The Dough Nuts

Elemental toppings are important, but for the latest wave of pizzerias in town, it’s the crust that’s key

Photograph by Misha Gravenor

Sotto’s Zach Pollack shovels a mound of sawdust into the wood-fire oven. Embers sputter. “Now it’s gone up to 860 degrees,” he says, reading the laser thermometer he’s aimed at the oven’s sweet spot, where a disk of dough will be transformed into a Neapolitan pizza—Sotto’s specialty—in 60 seconds.

Four years after Nancy Silverton opened Pizzeria Mozza and ushered in a different breed of California pie, nouveau pizzaiolos like the ones at Sotto, Settebello, Olio Pizzeria, and Stella Rossa Pizza Bar are further refining the art of dough. Simple science, right? Yeast mingles with proteins to form stretchy glutens that, with just the right amount of fermenting and heat, turn into a chewy, blistered, bubbly crust. Sotto—which Pollack owns with chef Steve Samson—as well as Mother Dough in Los Feliz and Pasadena newcomer Settebello serve pizza for purists. They use imported Caputo flour and handcrafted Stefano Ferrara ovens to create the supple, soft pies typical of Naples. “A great pizza dough,” says Pollack, “is 20 percent the ingredients, 20 percent the equipment, and the rest is all technique. That part is hard to teach.”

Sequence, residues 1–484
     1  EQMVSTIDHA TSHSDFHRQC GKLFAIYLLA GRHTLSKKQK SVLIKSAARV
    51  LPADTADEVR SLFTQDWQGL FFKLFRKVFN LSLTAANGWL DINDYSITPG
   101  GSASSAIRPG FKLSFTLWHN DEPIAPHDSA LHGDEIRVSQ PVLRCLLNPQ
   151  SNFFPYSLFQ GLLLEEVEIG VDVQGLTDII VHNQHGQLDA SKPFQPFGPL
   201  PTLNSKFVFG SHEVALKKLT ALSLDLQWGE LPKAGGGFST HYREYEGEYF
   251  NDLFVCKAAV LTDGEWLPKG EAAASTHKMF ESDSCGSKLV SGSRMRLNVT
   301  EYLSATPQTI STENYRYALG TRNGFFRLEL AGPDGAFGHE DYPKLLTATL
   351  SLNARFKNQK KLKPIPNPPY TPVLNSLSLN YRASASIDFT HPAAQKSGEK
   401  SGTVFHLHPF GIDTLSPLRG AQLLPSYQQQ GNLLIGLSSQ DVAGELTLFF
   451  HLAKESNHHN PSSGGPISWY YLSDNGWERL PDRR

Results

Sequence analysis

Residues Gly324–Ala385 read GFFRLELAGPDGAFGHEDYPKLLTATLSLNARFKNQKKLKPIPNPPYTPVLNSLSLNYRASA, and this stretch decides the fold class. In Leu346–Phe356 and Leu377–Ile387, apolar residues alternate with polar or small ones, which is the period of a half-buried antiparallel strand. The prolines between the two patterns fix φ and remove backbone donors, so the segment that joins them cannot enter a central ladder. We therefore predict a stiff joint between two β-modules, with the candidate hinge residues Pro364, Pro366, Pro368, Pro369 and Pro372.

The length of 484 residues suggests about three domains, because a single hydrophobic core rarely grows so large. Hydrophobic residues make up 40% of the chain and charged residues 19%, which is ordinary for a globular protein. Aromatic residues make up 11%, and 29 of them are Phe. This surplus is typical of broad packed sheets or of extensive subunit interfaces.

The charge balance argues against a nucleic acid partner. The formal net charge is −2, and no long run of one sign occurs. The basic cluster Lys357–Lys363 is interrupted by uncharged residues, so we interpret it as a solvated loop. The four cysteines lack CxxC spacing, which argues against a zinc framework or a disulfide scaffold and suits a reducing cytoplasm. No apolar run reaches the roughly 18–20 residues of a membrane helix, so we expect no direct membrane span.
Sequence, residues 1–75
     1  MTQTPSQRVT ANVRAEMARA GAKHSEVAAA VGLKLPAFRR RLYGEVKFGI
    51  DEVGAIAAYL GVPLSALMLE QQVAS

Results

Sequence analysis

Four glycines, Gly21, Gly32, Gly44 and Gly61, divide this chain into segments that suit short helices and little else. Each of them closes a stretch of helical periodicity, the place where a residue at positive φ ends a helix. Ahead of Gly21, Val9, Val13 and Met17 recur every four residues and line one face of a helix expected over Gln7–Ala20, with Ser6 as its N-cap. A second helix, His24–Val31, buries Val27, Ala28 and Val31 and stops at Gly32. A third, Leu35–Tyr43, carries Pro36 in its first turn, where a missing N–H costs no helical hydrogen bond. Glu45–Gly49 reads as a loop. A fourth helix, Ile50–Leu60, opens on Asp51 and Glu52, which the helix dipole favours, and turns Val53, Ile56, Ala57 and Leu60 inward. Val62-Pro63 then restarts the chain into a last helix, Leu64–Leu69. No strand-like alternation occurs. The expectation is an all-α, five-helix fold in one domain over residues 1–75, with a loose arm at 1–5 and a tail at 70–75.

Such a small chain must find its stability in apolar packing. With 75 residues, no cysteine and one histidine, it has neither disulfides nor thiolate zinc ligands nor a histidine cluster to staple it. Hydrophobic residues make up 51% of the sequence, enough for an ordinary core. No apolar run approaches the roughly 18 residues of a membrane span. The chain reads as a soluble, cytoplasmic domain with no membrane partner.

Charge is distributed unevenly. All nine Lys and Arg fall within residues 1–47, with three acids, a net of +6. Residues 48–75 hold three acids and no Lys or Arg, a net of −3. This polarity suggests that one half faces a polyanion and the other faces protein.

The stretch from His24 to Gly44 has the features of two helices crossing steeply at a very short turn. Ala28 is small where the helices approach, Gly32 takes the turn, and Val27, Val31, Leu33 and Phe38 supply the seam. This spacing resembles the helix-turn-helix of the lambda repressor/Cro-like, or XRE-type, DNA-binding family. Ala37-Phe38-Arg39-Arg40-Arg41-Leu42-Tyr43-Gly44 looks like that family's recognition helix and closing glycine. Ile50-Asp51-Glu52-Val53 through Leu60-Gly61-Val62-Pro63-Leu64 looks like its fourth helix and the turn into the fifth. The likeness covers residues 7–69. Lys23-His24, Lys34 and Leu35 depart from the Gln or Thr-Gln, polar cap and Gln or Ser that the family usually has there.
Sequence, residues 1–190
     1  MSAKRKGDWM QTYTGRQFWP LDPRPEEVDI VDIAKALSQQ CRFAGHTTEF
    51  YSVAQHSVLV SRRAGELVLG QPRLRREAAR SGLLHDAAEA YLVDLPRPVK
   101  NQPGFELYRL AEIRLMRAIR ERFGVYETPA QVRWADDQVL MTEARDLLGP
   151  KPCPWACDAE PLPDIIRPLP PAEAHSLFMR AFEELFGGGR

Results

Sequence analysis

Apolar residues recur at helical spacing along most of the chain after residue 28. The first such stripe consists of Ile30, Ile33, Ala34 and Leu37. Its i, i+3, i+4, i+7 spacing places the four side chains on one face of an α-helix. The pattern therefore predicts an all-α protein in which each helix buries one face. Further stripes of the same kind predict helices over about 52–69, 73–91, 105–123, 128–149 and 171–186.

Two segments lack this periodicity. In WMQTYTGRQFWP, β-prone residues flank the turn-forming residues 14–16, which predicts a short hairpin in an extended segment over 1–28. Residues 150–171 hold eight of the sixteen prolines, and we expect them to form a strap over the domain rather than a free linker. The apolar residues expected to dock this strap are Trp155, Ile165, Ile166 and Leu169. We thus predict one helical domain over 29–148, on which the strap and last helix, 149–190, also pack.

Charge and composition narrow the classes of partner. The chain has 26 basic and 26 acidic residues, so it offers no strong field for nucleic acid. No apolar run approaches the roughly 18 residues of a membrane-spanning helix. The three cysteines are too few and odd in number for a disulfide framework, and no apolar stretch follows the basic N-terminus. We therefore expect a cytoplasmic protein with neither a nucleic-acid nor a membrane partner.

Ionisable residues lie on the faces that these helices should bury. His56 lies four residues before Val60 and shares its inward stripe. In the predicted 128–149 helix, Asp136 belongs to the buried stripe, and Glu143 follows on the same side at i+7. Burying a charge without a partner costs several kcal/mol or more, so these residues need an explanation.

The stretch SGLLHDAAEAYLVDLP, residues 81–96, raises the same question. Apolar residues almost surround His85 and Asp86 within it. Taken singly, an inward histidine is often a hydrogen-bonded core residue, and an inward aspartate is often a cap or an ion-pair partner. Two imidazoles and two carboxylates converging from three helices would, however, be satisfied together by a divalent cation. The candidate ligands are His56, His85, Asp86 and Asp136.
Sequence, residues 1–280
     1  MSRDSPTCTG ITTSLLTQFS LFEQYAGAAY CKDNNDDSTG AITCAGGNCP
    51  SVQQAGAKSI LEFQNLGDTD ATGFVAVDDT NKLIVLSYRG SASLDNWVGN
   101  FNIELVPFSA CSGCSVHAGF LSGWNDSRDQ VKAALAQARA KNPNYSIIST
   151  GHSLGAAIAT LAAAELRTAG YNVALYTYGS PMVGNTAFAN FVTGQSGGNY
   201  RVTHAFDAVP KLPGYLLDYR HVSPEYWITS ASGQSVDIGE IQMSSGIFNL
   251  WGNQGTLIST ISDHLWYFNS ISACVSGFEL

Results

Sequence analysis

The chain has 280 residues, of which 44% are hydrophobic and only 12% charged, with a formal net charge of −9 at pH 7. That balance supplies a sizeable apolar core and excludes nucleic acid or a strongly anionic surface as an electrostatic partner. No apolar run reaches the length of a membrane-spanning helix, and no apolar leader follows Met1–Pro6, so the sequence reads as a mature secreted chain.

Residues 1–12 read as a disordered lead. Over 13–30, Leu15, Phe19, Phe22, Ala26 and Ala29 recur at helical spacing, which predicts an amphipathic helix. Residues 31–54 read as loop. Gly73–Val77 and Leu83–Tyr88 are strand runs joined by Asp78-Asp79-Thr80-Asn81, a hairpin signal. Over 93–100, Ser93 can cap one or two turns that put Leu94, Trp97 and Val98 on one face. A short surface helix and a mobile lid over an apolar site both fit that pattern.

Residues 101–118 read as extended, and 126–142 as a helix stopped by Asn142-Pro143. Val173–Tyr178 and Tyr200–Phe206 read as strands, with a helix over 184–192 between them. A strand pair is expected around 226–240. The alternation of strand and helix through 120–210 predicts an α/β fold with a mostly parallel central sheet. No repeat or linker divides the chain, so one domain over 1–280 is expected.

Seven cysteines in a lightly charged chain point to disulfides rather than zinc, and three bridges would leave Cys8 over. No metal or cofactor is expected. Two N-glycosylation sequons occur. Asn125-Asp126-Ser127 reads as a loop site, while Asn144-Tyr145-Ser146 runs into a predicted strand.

But there is no single new school of L.A. pizza. “When you see the dough crest the top of the jar, that’s when you know it’s perfect,” says Jeff Mahin, the chef with the Michelin-starred résumé at Stella Rossa, where plastic jars of proofing dough decorate the counter. Mahin, who has a degree in chemistry, commissioned a top-secret flour blend from a Southern California grower and miller. The result is dough that takes inspiration from good French bread. Across town at Olio, Bradford Kent spent three-and-a-half years working out his recipe, which yields a crust with a substantial crunch. He still makes every batch himself. “I can’t train anyone to do it right,” he says. 

ALSO: Watch Lesley Bargar Suter make a margherita pie at Sotto